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ALMA Supports BSE-Testing Study

“This idea arose from a meeting between ALMA, APRI and PrioNet Canada to determine what prion-related issues were facing the livestock industry.”

A proposal for a study that has been a long time coming is being initiated by a consortium made up of the Alberta Livestock and Meat Agency (ALMA), the Alberta Prion Research Institute (APRI) and PrioNet Canada. The proposed study is on voluntary BSE testing both live and post-mortem and its value and impact on marketing.

Ad hoc studies were made in the past mostly on testing costs, but no comprehensive third-party study was ever done to determine actual testing costs, logistics, and market feasibility and costs.

Ron Clarkson, prion program director with APRI said, “This idea arose from a meeting between ALMA, APRI and Prio-Net Canada to determine what prionrelated issues were facing the livestock industry. BSE testing was identified as a priority for further review.”

It was then decided that a request for proposals would be issued for a study on the cost-benefit analysis. ALMA agreed to provide significant funding for the analysis.

Clarkson said he expects proposals to come from academic institutions and qualified consultants. “This is a two-step process beginning with the analysis which could result in a further study into a live test,” he said.

No price for the study has been determined.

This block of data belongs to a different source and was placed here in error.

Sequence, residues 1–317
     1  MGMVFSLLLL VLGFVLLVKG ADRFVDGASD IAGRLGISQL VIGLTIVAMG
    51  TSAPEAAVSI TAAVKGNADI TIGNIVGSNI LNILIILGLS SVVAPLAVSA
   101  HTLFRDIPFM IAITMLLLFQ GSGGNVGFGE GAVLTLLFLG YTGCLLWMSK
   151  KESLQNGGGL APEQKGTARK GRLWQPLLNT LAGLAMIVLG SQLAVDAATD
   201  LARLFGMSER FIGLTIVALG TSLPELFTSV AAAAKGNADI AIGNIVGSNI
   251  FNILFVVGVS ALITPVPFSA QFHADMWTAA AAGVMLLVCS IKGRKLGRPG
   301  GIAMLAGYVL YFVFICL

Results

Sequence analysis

The request for proposal guidelines highlight a survey of Canadian exporters and importing countries and companies to ascertain interest in BSE-tested products. It would also validate whether the idea is supported by governments. In addition an analysis would be carried out not just on testing costs, but on facilities and logistics needed to put a testing process into place.

The guidelines indicate that the study should go beyond basic costs, but should include other indicators like Canadian consumer confidence or repercussions, undermining of government policy on food safety, and a consideration of legal precedents in the U. S.

The analysis is also to include the development and acceptance of an antemortem (live) test. Part of the process would be a risk analysis of the test.

Clarkson said he expects proposals for the study to be submitted by early December with the actual study to be completed by June of 2010. “The proposals will be reviewed by international peer reviewers and their recommendations will be forwarded to the funding group for a final decision.”

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